Study of the Influence of Different Yeast Strains on Red Wine Fermentation with NIR Spectroscopy and Principal Component Analysis

Antonio Marsico, Rocco Perniola, Maria Cardone, Matteo Velenosi, Donato Antonacci, Vittorio Alba, Teodora Basile
Alcoholic fermentation is a key step in wine production. Indeed, a wide range of compounds, which strongly affect the sensory properties of wine, is produced during this process. While Saccharomyces cerevisiae yeast cultures are commonly employed in winemaking to carry on the fermentation process, some non-Saccharomyces species have recently gained attention due to their ability to produce various metabolites of oenological interest. The use of different yeasts strains usually results in wines
more » ... y results in wines with different sensory properties, despite being obtained from the same grape variety. In this paper, we tested the feasibility of using near-infrared spectroscopy (NIR) to discriminate among red wines from three different grape varieties produced with pure S. cerevisiae or by mixed fermentation with a promising non-Saccharomyces yeast, namely the Starmeriella bacillaris, which usually yields wines with significant amounts of glycerol and low levels of ethanol, acetic acid, and acetaldehyde. A principal component analysis (PCA) performed on the NIR spectra was used to search for differences in the samples. The NIR results have been compared with both basic wine parameters and sensory analysis data.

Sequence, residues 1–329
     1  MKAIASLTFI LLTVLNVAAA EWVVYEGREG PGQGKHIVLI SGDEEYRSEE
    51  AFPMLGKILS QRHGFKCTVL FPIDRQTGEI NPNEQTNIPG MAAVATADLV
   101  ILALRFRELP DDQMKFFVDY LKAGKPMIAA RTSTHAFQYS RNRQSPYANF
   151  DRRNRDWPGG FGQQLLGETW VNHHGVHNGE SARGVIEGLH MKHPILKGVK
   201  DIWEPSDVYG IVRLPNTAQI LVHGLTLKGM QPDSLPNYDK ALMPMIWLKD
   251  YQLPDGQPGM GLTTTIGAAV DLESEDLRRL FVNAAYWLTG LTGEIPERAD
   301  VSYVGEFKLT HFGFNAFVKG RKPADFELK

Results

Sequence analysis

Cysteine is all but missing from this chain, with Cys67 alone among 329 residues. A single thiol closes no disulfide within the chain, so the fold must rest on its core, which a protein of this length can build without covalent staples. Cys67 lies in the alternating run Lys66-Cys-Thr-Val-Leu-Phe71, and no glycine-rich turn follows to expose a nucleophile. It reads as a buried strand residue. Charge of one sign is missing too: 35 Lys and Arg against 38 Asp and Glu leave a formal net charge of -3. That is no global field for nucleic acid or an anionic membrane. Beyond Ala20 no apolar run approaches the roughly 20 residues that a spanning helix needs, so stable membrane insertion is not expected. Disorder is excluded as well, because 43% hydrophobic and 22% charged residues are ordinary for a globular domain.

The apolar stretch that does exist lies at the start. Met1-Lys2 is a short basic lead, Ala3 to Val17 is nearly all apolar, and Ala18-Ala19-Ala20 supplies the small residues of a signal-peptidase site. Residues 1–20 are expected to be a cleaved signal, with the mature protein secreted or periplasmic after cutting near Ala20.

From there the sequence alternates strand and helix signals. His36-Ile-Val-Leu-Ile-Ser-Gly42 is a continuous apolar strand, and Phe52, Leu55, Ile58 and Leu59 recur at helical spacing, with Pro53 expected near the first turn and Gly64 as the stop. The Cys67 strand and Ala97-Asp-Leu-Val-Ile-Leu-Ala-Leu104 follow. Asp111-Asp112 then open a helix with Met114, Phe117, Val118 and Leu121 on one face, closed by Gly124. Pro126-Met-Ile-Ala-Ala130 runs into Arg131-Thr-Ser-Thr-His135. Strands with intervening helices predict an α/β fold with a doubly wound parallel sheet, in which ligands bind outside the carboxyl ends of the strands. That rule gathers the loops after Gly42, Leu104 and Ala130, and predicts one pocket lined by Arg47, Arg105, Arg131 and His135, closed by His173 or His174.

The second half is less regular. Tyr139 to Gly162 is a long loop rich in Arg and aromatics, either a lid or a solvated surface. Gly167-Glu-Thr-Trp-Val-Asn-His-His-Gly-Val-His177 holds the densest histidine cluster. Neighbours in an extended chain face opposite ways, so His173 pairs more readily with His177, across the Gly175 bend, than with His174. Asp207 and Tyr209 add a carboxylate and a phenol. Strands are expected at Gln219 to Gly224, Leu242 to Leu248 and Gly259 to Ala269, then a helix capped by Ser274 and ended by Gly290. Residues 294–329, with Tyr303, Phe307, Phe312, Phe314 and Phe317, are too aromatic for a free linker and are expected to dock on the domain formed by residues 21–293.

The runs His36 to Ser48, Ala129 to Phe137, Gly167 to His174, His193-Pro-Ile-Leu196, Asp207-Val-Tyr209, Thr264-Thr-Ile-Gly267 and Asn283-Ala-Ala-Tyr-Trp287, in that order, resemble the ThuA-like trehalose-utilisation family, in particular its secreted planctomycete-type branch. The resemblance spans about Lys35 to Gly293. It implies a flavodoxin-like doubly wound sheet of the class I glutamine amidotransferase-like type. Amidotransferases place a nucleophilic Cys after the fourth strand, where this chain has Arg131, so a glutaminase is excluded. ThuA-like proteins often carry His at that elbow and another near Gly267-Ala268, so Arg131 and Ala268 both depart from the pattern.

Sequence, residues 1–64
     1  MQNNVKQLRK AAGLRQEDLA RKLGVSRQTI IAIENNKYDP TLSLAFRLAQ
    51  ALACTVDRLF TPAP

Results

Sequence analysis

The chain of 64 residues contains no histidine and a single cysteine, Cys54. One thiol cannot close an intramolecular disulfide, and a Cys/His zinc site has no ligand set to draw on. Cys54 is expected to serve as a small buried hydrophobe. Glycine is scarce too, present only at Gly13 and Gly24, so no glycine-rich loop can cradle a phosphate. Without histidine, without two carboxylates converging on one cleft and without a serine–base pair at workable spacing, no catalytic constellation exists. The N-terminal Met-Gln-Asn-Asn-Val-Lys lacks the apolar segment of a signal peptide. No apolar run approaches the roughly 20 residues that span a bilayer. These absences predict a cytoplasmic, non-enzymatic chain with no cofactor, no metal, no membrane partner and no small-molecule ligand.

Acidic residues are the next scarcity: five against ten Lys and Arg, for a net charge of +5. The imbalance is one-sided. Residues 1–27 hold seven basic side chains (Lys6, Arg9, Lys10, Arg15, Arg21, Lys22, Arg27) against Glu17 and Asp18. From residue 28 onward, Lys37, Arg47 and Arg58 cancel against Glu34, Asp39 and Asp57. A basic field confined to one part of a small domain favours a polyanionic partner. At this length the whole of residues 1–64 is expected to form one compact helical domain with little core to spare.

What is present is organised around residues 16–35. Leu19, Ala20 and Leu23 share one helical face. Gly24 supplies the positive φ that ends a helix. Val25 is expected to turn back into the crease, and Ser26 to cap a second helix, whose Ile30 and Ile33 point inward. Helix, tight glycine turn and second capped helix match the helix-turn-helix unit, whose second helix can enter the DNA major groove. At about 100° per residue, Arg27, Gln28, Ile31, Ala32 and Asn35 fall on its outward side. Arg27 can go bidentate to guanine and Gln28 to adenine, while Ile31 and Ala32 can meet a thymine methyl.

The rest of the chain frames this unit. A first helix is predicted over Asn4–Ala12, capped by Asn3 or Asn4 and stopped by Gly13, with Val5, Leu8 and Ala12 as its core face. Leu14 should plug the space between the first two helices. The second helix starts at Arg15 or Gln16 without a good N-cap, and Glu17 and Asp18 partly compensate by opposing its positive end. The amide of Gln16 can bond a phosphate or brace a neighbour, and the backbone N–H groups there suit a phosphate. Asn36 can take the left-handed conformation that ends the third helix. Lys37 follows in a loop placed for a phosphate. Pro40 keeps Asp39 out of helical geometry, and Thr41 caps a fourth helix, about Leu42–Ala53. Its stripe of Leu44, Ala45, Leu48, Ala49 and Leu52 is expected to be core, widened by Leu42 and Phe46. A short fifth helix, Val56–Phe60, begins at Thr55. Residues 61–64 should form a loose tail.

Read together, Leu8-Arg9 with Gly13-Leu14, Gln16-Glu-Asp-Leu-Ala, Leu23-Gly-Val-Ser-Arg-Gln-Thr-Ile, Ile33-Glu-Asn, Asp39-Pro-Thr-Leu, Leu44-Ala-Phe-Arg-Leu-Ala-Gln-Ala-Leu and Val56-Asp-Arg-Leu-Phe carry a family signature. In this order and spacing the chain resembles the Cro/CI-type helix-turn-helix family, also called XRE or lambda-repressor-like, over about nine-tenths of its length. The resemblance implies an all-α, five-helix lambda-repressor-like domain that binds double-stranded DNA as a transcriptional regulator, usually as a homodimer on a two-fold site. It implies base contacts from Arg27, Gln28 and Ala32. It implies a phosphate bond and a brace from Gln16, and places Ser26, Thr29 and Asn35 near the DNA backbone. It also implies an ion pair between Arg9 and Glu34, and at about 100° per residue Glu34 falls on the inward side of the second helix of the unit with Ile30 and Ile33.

doi:10.3390/j1010013 fatcat:csogpxivxjg4ndpnmkd4to6nye